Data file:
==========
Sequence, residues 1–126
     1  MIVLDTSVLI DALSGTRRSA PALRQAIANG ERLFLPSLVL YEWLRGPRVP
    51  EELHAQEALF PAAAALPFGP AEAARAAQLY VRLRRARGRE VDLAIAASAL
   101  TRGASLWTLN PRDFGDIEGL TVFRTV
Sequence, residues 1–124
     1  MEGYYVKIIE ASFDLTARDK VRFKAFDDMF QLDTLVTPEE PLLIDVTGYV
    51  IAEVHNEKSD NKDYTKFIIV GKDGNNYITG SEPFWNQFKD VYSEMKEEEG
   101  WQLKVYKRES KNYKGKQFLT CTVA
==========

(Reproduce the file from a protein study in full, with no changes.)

Sequence, residues 1–126
     1  MIVLDTSVLI DALSGTRRSA PALRQAIANG ERLFLPSLVL YEWLRGPRVP
    51  EELHAQEALF PAAAALPFGP AEAARAAQLY VRLRRARGRE VDLAIAASAL
   101  TRGASLWTLN PRDFGDIEGL TVFRTV
Sequence, residues 1–124
     1  MEGYYVKIIE ASFDLTARDK VRFKAFDDMF QLDTLVTPEE PLLIDVTGYV
    51  IAEVHNEKSD NKDYTKFIIV GKDGNNYITG SEPFWNQFKD VYSEMKEEEG
   101  WQLKVYKRES KNYKGKQFLT CTVA